Prerequisite(s):
ITS 325
Internet and Web Security 4
ITS 415

4 Quarter Hours

Prepares students to protect private networks from external security threats through the use of firewall systems. Discusses security holes in common Internet services and how to proactively defend against external attacks. Discusses the philosophies of firewall design, access lists, authentication, and general security policy. Covers a wide variety of firewall systems over multiple operating systems.

Prerequisite(s):
ITS 305
Firewall Concepts 4
ITS 425

4 Quarter Hours

Provides students with an overview of computer forensics, operating systems and how they function. Students are introduced to forensic tools along with concepts such as chain of custody and documentation of evidence/procedures. Students learn how to act as an expert witness if needed to appear at a trial. The outcomes of this course map to the International Association of Computer Investigative Specialists certification (IACIS).

Prerequisite(s):
ITS 305
Computer Forensics and Investigation 4
ITS 435

4 Quarter Hours

Prepares students to identify risks within businesses and how to minimize loss. Discusses cost/benefit analysis of disaster recovery planning. Identifies methods for minimizing the risk of a disaster and the response tasks to be performed during a disaster. Details the development of a disaster recovery plan (DRP).

Prerequisite(s):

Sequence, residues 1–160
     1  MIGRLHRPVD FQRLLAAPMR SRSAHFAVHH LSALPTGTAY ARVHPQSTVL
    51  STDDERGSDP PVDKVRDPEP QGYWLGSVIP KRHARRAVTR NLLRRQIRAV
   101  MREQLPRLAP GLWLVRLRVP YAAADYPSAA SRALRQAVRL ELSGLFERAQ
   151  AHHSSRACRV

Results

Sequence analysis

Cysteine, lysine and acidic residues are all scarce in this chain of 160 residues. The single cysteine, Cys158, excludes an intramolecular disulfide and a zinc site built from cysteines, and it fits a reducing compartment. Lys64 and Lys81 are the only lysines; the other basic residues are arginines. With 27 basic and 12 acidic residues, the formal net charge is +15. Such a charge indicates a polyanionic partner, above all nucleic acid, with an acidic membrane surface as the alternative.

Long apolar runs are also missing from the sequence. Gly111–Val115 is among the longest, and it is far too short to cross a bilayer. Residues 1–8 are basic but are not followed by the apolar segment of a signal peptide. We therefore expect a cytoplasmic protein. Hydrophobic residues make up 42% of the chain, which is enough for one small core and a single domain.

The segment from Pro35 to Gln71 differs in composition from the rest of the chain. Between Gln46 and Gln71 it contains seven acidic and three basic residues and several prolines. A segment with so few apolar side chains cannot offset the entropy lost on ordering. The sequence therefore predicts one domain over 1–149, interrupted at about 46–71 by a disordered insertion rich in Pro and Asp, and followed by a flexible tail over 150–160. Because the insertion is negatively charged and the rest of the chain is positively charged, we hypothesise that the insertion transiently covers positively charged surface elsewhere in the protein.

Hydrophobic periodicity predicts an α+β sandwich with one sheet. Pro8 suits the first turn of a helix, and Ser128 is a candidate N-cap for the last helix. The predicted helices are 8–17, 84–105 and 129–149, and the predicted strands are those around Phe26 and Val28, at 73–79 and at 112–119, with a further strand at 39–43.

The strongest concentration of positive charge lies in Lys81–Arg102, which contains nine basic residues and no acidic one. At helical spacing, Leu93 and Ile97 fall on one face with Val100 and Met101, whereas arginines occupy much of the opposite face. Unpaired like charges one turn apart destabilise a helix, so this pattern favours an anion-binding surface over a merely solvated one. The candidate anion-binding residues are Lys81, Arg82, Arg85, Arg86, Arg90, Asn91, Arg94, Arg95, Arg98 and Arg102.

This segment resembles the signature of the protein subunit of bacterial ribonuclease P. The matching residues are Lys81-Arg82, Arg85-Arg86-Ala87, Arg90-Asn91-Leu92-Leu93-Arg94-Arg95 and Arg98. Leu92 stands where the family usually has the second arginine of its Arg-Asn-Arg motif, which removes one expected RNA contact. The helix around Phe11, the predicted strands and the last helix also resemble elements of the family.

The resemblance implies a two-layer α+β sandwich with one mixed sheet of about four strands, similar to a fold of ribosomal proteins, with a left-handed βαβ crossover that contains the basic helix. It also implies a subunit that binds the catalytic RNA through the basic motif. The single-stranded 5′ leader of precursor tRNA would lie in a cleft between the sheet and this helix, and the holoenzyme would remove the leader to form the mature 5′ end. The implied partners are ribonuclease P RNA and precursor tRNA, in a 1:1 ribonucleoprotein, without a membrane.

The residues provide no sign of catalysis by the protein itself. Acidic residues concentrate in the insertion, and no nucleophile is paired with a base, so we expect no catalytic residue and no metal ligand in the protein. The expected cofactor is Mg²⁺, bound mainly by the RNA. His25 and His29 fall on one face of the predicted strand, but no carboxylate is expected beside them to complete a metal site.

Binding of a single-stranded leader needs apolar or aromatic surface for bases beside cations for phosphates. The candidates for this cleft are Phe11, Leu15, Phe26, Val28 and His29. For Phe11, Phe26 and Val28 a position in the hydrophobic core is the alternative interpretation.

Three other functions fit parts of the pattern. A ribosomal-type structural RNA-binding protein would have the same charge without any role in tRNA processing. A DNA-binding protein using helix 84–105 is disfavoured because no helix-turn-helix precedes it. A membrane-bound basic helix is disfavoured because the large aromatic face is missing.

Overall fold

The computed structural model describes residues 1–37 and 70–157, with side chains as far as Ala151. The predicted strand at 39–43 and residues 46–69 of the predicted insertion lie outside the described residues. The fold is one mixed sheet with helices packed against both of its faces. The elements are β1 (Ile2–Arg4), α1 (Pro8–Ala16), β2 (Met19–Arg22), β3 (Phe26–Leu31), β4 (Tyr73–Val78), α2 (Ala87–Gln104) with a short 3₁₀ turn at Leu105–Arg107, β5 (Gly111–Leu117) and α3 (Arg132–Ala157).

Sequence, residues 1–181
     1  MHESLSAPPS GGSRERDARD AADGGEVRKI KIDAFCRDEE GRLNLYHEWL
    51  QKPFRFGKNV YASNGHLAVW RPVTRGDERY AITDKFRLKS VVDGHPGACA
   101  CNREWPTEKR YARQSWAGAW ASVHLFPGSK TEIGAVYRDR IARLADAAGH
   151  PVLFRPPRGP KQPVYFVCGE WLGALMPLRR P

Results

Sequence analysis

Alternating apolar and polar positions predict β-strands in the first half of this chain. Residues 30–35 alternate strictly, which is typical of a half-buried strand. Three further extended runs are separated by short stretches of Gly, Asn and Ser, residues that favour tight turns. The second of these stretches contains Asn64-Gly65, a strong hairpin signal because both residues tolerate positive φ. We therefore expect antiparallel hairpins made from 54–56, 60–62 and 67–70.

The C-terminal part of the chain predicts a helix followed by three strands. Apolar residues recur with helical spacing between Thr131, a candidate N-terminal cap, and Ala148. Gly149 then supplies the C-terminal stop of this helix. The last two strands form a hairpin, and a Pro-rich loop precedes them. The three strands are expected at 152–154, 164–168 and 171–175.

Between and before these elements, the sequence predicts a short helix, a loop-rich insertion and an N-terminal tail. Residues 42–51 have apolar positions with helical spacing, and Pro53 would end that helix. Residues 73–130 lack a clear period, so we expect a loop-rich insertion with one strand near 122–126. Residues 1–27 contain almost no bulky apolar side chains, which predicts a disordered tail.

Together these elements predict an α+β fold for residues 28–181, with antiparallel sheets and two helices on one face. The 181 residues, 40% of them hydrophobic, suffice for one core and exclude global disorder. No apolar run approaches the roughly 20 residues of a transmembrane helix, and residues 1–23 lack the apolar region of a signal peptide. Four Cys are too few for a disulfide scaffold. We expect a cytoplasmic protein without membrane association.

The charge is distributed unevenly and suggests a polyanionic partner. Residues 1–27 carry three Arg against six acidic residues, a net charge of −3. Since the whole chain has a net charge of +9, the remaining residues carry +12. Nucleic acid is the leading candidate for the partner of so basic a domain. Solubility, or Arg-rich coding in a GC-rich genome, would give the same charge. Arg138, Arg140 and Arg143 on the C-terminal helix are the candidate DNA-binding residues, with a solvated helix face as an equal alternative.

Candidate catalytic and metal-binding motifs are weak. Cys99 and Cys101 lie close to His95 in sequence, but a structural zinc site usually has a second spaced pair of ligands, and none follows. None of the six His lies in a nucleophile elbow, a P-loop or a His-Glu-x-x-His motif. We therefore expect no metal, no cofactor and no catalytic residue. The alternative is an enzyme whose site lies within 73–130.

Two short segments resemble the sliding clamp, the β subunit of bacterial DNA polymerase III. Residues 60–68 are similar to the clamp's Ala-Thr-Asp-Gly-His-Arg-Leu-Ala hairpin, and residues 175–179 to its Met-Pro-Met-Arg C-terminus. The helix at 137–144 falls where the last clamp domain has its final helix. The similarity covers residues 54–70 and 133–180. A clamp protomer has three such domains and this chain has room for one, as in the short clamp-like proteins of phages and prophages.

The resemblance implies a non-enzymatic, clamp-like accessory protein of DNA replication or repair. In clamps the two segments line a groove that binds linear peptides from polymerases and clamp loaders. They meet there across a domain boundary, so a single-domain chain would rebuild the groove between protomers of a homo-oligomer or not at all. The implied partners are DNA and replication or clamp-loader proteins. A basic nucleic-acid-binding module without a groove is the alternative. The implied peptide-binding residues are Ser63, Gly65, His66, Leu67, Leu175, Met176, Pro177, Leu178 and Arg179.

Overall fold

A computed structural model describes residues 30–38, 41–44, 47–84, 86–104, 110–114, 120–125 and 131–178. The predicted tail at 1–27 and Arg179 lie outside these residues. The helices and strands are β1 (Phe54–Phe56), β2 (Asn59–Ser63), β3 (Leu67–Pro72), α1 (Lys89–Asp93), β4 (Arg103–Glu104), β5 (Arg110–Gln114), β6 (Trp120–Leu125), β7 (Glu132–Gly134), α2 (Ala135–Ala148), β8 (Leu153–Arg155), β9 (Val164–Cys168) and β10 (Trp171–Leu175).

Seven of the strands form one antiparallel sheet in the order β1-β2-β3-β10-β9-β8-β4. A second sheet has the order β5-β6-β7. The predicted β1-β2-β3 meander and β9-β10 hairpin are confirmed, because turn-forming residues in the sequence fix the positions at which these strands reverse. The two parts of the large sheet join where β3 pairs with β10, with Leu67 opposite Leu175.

ITS 305
Disaster Recovery 4
Internetworking Administration Major52 Hours

Total quarter hours required for graduation with Information Assurance Major – 187

Course Number Course Title Credit Hours
CIS 107B

4 Quarter Hours

Provides a continuation of the study of computer operating systems and maintenance concepts with a focus on practical application and troubleshooting. This course will assist students in their preparation for the CompTIA A+ Practical Application exam.

Prerequisite(s):
CIS 106B
Computer Operating Systems and Maintenance II 4
ELECT 107A

4 Quarter Hours

See Computer Information Systems Elective List.

Information Technology Elective 4
ELECT 107B

4 Quarter Hours

See Computer Information Systems Elective List.

Information Technology Elective 4
ELECT 107C

4 Quarter Hours

See Computer Information Systems Elective List.

Information Technology Elective 4
NET 224

4 Quarter Hours

Examines router elements, RIP and IGRP routing protocols, router operating system software, configuration and installation, and LAN segmentation using bridges, routers, and switches. Covers the operation of the Spanning Tree protocol. Focus is on Cisco technology. Includes hands-on exercises.

Prerequisite(s):
NET 222
Advanced Routers and Routing 4
NET 226A

4 Quarter Hours

Covers internetwork design concepts, LAN/WAN technologies, management and security principles, and naming and documentation practices. Includes hands-on exercises.

Prerequisite(s):
NET 224
Designing Internetwork Solutions 4
NET 301

4 Quarter Hours